Systematic review of the literature identified 14 studies of 9 instruments assessing patient-reported safety, efficacy, or misuse of current opioid therapy for chronic pain, none of which had been tested in clinical practice.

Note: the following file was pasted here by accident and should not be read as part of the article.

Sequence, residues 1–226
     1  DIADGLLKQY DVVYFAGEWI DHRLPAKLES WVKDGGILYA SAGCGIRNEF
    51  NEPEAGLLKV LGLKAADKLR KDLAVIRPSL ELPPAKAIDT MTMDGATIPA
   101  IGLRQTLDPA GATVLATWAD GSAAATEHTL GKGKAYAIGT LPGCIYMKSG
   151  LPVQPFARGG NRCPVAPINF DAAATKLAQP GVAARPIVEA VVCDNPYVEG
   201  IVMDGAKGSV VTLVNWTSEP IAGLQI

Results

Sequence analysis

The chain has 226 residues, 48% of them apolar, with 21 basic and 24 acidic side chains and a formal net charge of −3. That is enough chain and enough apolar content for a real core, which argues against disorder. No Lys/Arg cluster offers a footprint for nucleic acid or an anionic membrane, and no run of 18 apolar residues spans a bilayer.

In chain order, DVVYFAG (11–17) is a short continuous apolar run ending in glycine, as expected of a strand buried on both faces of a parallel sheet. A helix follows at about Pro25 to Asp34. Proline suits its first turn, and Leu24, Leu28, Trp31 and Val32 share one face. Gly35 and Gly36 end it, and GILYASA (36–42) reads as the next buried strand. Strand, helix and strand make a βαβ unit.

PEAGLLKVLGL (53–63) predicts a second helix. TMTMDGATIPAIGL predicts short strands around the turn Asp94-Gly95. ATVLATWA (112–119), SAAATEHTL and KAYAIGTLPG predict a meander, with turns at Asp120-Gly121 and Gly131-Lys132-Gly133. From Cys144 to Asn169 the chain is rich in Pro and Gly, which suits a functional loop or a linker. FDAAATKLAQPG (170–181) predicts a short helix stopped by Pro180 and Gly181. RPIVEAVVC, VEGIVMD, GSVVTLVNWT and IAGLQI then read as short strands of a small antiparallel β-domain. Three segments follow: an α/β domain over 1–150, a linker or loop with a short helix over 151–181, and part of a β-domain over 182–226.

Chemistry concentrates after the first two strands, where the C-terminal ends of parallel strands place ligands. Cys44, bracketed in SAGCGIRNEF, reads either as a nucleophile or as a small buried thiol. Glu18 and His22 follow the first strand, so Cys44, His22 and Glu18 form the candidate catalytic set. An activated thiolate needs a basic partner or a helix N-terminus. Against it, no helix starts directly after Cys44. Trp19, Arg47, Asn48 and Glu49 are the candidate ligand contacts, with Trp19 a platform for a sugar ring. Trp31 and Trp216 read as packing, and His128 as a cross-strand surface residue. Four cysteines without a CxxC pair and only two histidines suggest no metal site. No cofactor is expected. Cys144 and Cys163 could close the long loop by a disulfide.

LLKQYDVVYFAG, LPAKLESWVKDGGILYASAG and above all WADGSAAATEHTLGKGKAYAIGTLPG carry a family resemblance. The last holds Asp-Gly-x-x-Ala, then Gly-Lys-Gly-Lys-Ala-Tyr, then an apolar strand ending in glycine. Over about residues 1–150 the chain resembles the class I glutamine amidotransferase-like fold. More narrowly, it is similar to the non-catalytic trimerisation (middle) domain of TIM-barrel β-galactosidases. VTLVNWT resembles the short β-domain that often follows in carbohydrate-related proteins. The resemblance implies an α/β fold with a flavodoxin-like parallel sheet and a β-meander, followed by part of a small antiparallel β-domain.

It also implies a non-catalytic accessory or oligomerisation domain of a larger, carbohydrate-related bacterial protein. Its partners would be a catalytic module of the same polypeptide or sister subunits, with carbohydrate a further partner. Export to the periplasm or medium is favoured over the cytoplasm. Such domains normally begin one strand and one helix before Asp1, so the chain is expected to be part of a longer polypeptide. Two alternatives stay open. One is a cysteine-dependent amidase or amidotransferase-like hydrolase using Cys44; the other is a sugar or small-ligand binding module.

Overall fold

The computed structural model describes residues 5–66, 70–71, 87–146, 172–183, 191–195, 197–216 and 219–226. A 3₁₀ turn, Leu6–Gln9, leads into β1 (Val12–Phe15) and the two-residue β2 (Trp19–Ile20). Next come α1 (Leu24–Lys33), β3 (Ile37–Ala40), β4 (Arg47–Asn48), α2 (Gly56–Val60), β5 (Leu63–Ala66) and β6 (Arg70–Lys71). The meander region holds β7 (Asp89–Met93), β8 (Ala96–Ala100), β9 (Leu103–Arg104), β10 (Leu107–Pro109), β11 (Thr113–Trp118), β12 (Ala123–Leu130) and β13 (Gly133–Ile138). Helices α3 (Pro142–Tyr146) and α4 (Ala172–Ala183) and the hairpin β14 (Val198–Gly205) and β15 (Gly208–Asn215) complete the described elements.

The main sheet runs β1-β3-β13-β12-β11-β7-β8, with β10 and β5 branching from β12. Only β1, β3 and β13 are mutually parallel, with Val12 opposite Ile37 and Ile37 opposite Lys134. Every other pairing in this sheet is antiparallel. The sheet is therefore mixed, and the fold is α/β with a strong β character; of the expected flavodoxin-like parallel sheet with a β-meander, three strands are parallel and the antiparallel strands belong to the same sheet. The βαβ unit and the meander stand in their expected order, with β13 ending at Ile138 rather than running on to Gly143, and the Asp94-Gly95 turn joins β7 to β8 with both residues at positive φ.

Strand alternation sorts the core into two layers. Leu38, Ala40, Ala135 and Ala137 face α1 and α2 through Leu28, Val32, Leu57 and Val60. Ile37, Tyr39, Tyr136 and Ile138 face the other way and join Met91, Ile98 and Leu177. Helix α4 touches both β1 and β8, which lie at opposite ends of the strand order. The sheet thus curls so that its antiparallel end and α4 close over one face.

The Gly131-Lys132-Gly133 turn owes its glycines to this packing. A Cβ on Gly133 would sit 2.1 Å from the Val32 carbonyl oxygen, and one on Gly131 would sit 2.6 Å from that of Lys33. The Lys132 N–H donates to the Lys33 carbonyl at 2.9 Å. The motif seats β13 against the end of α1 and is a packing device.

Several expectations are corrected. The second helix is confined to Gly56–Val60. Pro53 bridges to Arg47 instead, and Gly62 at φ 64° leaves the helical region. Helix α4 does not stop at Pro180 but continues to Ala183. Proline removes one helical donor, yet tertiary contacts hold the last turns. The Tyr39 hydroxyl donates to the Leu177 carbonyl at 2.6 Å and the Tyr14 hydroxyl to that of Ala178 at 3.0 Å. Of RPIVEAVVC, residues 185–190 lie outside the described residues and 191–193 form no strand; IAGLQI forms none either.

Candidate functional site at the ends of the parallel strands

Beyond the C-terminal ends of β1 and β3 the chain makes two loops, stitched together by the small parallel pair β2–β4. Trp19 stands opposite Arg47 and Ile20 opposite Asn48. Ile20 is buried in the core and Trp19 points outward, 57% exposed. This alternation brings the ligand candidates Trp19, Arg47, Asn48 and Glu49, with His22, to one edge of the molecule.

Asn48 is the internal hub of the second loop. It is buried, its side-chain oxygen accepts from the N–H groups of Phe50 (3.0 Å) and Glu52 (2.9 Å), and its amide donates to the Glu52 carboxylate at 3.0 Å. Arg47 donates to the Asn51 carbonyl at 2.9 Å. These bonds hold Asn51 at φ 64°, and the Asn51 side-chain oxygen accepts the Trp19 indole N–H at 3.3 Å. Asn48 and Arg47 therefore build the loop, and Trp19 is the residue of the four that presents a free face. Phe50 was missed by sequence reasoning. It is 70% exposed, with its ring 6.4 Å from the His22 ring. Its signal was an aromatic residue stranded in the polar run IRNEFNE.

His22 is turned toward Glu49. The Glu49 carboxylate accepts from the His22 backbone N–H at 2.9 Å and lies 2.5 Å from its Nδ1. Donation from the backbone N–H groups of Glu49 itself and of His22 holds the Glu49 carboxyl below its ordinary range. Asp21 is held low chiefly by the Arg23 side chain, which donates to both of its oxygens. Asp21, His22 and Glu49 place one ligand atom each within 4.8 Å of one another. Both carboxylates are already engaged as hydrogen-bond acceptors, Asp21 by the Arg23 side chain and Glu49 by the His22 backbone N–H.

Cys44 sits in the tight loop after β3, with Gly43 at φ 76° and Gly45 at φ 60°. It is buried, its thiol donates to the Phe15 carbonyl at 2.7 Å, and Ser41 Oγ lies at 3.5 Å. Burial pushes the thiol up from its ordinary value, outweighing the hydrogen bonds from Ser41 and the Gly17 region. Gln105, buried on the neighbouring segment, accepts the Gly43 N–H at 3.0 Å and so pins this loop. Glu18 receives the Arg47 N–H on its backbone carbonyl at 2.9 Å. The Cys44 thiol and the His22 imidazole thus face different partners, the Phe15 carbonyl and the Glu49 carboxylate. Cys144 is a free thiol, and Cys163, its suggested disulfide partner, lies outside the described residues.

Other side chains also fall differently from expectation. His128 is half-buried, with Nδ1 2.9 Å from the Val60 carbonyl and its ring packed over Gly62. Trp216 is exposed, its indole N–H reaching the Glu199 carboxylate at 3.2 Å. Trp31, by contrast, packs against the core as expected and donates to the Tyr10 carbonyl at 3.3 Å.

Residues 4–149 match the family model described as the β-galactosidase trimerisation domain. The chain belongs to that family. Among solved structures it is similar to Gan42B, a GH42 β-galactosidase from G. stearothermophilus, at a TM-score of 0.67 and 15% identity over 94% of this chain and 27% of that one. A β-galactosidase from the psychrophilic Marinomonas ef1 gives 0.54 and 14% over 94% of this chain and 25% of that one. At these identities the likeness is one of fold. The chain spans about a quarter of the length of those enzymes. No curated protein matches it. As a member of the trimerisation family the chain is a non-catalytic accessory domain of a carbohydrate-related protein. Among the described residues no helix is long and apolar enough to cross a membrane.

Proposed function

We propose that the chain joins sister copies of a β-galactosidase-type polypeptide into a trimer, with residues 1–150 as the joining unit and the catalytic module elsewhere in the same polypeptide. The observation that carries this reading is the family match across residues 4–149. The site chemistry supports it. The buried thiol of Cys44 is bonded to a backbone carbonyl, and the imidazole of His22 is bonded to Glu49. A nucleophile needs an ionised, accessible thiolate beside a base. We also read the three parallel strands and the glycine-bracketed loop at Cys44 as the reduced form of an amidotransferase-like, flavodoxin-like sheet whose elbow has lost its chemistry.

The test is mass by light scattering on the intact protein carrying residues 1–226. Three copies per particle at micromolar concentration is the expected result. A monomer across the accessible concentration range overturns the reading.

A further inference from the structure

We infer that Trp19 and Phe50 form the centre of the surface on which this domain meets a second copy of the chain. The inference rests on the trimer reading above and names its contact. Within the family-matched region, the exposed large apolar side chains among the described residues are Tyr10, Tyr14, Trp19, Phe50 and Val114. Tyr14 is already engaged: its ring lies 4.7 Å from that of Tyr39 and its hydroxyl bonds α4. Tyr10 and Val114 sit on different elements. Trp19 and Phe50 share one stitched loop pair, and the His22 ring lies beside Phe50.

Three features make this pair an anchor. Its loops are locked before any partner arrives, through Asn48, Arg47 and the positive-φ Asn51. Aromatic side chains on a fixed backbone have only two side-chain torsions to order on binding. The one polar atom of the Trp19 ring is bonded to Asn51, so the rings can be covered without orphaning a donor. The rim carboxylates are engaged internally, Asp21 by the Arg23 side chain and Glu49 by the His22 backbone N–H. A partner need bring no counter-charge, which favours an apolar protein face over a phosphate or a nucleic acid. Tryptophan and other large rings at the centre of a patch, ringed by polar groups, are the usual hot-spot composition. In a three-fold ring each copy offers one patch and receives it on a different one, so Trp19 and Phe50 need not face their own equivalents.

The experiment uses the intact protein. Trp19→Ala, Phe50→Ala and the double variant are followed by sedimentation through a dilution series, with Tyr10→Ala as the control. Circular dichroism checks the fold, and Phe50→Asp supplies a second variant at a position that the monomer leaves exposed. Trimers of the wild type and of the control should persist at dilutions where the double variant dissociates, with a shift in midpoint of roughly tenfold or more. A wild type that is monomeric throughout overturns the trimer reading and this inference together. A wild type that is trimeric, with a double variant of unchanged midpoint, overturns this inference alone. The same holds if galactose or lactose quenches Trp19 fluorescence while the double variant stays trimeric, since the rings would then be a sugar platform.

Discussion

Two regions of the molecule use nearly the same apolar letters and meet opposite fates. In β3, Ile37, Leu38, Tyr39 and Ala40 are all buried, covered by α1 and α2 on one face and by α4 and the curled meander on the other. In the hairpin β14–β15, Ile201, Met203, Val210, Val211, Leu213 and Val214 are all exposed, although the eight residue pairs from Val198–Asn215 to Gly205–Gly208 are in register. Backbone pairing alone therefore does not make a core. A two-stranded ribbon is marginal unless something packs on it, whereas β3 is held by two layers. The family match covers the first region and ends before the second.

The purpose of this systematic review was to summarize and critically appraise research developing or validating instruments to assess patient-reported safety, efficacy, and/or misuse in ongoing opioid therapy for chronic pain. Our search included the following datasets: OvidSP MEDLINE (1946-August 2012), OvidSP PsycINFO (1967-August 2012), Elsevier Scopus (1947-August 2012), OvidSP HaPI (1985-August 2012), and EBSCO CINAHL (1981-August 2012). Eligible studies were published in English and pertained to adult, nonsurgical/interventional populations. Two authors independently assessed inclusion criteria. Each study was evaluated by 2 authors to assess the sources and content of items, types of psychometric tests, their results, and quality of diagnostic accuracy testing, when applicable. Of 1874 citations found in the initial search, we identified 14 studies meeting our inclusion criteria, describing 9 different instruments. Individual items were derived from surveys of content experts, literature reviews, and adapted non-patient-reported items. Misuse-related items were most prevalent (60/144; 42%), followed by safety (47/144; 33%), with efficacy having the fewest items (17/144; 12%). The studies employed a wide variety of psychometric tests, with most demonstrating statistical significance, but several potential sources of bias and generalizability limitations were identified. Lack of testing in clinical practice limited assessment of feasibility. The dearth of safety and efficacy items and lack of testing in clinical practice demonstrates areas for further research.